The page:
Passover and the Global
Climate Crisis

Is the Environmental Protection Agency a modern-day pharaoh? Sweep eco-chameitz from your life with these simple steps.

BY: Prepared by Rabbi Jeff Sultar

 

Continued from page 3

  1. Denied California the Clean Air Act waiver, thus blocking 18 other states from enacting the stricter greenhouse gas emissions standards as well. Sing: "Let my people go."
  2. Interfered with climate change science, revising NASA and other agency documents to remove language regarding climate change, and engaged in a systematic effort to mislead policy makers and the public about the dangers of global warming. Sing: "Let my people go."
  3. Advocated for more nuclear power plants. Sing: "Let my people go."
  4. Opened public land in the Rocky Mountains and Alaska to oil and gas drilling. Sing: "Let my people go."
  5. Declared carbon dioxide not to be a pollutant. Sing: "Let my people go."
  6. Weakened regulations governing air pollution. Sing: "Let my people go."
  7. Rejected the Kyoto Protocol, withdrawing the United States from the global warming treaty. Sing: "Let my people go."
Matzah as a Call to Action:

Though mentioned and discussed in response to Rabban Gamliel's assertion that matzah is among three things that must be mentioned in order for the Passover seder to be complete, we don't actually get to eat matzah until after the Maggid section.



So as we finally approach being able to eat a piece of matzah, let's take a moment to examine a key question: How does the bread of affliction transform into the bread of freedom?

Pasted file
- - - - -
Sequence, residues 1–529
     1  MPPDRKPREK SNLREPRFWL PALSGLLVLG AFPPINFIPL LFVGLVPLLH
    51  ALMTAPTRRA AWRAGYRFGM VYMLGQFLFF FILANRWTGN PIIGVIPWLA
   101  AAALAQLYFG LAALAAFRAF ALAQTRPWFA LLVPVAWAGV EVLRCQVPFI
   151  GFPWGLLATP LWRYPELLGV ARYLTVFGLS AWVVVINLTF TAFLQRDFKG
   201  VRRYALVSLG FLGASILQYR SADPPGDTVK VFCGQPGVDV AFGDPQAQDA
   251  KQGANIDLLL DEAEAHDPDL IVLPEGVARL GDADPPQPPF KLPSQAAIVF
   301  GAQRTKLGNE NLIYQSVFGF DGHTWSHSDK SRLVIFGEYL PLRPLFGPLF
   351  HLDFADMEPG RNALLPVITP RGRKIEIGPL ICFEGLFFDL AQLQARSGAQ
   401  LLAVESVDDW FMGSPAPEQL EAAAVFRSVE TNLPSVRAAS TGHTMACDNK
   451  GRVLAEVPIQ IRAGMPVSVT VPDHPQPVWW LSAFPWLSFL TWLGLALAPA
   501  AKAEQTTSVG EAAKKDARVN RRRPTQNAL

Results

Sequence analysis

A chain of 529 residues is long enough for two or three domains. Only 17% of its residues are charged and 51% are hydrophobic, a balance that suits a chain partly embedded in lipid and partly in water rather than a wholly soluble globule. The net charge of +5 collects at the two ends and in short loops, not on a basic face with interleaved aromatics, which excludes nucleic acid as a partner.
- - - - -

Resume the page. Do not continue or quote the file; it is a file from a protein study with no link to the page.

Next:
Chameitz can only be made from ingredients that can also be matzah. The only difference between matzah and chameitz is what we do with those ingredients. Making chameitz is easy; all you have to do is mix the ingredients together and then donothing! The source of the substance forbidden during Passover is simply waiting and not doing anything. Inaction.



Making matzvah, on the other hand, is difficult. It takes great determination, swift action, and constantly working toward the goal. When this great effort is made, when we don't let obstacles stand in our way, when we take each step that needs to be taken, with our eyes always on the prize, then the bread of affliction transforms into the bread of liberation.



And One for After the Meal - The Prophetic Promise of Elijah:

On the Shabbat just before Passover, we read the words of the prophet Malachi, who describes God's promise to send Elijah the Prophet to turn the hearts of parents to children and the hearts of children to parents - "lest the earth be utterly destroyed." This call from 2500 years ago that the generations must work together to heal the earth from the danger of utter destruction comes alive with new force in our generation.



When we sing to welcome Elijah, we are giving voice to our own commitment to take actions in our own day to move this world closer to redemption - in our own lives, in our synagogues, offices, and institutions, and by working for changes in public policy.



This is what we mean when we sing of Elijah the Prophet coming to us: Elijah is not a person who comes and changes our world, but is rather the name we give to the change that we ourselves bring about through our determined and inspired action.



Sing:



Eliyahu hanavi, Eliyahu hatishbi Eliyahu, Eliyahu, Eliyahu hagiladi Bimherah veyameynu yavo eleynu Im mashiach ben David, im mashiach ben David Elijah the Prophet come speedily to us hailing messianic days.